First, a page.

Friday, 13 November 2009

09th & 10th November – A Welcome Return to the Bush!

After a week in the hustle and bustle of Johannesburg, it is always a treat to get back into the bush and see how ‘my’ animals are doing! My first two days back were pleasant, although the hot weather did make the animals a bit lethargic and did lead to a few slightly quiet periods, but overall we had some good sightings.

I returned to drive on Tuesday afternoon, and started off the cycle with a lone elephant bull having a drink at the Motswari waterhole. The three Mahlathini male lions had returned after several days absence, and were found sleeping near Francolin Pan, in the same spot that they had been seen in the morning. I slowly made my way towards the lions, bypassing Vyboom dam along the way. We had some steenbok, impala, waterbuck, giraffe and kudu in the area, and then arrived at the lion sighting, but the three males were fast asleep, and (encouragingly!) didn’t even lift their heads when we drove in to the sighting. On the down side, this didn’t provide much action, but it was still good to see them looking so well fed yet again.
Two of the Sohebele lions were reported at Jaydee Pan, but none of the Motswari guides went to see them. Most of us headed down towards Hide Dam where Nkateko had been found earlier in the afternoon. I made my way to the sighting, but stopped off at the southern Hyena den along the way. The matriarch was out with her two small cubs, and they provided us with a great sighting as they suckled for a while before mom got up and moved off. After a couple of minutes the two cubs thought it would be safer in the den and disappeared out of view so we left them and went to go and see the leopard.
Nkateko female leopard had earlier been chased up a tree by three members of the Rockfig clan of hyenas, this after attempting to stalk a steenbok (and coming close) in front of Palence. By the time I arrived, she had come down from the tree and was just resting behind the dam wall, but she too was looking very well fed, and soon fell asleep with her fat belly gyrating as she panted heavily in an attempt to keep cool.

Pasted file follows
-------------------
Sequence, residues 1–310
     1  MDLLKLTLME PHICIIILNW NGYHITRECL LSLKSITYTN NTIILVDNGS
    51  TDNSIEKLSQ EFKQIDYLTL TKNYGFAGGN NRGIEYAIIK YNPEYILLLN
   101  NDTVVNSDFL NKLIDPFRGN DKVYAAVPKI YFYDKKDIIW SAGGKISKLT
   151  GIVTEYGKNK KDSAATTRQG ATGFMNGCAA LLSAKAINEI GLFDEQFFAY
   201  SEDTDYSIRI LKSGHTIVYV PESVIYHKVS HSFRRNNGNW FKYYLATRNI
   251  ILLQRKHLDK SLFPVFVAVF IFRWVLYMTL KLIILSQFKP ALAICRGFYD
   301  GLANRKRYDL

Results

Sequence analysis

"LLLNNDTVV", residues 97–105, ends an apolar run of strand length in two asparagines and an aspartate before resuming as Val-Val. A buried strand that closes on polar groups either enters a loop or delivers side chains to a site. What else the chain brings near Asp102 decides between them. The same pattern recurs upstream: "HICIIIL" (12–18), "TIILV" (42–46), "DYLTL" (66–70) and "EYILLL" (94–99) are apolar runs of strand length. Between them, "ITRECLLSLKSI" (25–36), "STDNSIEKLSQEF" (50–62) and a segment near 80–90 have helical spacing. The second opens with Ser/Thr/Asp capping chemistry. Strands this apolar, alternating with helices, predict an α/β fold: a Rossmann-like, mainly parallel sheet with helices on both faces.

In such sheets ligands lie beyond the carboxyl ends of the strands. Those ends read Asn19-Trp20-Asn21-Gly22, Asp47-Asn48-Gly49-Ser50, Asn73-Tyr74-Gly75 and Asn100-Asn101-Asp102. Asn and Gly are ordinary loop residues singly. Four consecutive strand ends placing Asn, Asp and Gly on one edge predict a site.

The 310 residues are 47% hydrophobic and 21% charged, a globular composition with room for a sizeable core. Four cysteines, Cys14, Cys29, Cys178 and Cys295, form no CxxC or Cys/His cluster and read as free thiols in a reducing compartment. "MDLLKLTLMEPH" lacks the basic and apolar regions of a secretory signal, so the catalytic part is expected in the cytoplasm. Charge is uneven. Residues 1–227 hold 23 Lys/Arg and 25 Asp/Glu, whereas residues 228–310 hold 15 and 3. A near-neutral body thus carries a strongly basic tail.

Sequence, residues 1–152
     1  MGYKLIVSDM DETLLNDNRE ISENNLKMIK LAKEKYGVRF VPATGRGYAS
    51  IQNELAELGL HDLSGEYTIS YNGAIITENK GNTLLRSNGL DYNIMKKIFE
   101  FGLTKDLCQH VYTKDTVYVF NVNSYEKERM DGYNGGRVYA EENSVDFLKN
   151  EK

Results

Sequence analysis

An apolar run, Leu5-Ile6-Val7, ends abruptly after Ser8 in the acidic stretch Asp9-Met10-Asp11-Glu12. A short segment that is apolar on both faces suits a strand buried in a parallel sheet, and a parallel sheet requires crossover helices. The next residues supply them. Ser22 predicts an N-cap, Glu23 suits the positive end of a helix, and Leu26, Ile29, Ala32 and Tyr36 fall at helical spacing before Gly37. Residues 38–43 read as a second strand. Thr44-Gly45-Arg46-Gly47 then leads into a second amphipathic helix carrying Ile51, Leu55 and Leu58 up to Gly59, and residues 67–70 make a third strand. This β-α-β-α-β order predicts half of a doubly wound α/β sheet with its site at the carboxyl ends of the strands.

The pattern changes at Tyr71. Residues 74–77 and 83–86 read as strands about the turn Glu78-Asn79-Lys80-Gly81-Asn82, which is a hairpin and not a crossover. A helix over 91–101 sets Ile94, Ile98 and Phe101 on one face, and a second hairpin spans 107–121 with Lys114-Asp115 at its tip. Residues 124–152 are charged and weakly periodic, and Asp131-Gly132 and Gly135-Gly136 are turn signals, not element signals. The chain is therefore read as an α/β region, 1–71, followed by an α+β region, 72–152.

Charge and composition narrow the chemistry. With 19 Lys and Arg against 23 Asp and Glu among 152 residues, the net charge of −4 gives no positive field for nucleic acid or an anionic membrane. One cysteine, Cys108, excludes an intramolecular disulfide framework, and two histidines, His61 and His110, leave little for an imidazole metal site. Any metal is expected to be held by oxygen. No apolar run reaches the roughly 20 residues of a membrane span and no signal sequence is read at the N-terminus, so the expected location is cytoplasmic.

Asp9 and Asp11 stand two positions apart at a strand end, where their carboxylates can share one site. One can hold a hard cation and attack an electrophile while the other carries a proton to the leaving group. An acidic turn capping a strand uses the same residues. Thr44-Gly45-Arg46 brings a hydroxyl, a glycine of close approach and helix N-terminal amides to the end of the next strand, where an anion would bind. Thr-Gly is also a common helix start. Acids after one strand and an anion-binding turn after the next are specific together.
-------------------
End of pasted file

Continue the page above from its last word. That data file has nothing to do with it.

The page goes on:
Other sightings for the afternoon included a breeding herd of buffalo grazing a few hundred meters south of Nkateko, a small breeding herd of elephants near Mbali dam, and then Palence managd to have a quick sighting of Nhlangula male rhino before he crossed into Klaserie south of Nkombi Pan. After viewing some Hippos at Peru dam, Palence and his guests had no sooner climbed into the vehicle and turned around when they spotted Mbali female leopard walking through the bush not 20m away! They followed her for a while until she headed towards one of the private camps and was left on her own. We later heard a report that Mbali then bumped into Kuhanya, and the two had a brief encounter before parting and going their separate ways.

Wednesday morning saw us waking up to the sound of thunder and a slight drizzle; but it was so slight it didn’t even register in our rain gauge! Despite the pleasant, cool weather, our game viewing was a bit quiet. Elliot found tracks for the Mahlathini male lions and decided to track them. I heard them roaring, so knew that they were not far off. There were a couple of kudu bulls and impala around, and we had found six buffalo bulls at the start of the drive, near the airstrip. Elliot found another four buffalo while tracking the lions, and late on in the drive we came across four buffalo near Xinatsi dam. After viewing some hippos at Peru dam, and a crocodile at Mbali dam, I heard that Elliot had managed to find the three lions, so I went to have a look at them, but once more found them rather inactive as they had already settled down for the day.
Just after breakfast, we had five elephant bulls that arrived to drink at the waterhole and spent the best part of the afternoon around the camp, together with the usual impalas and warthogs.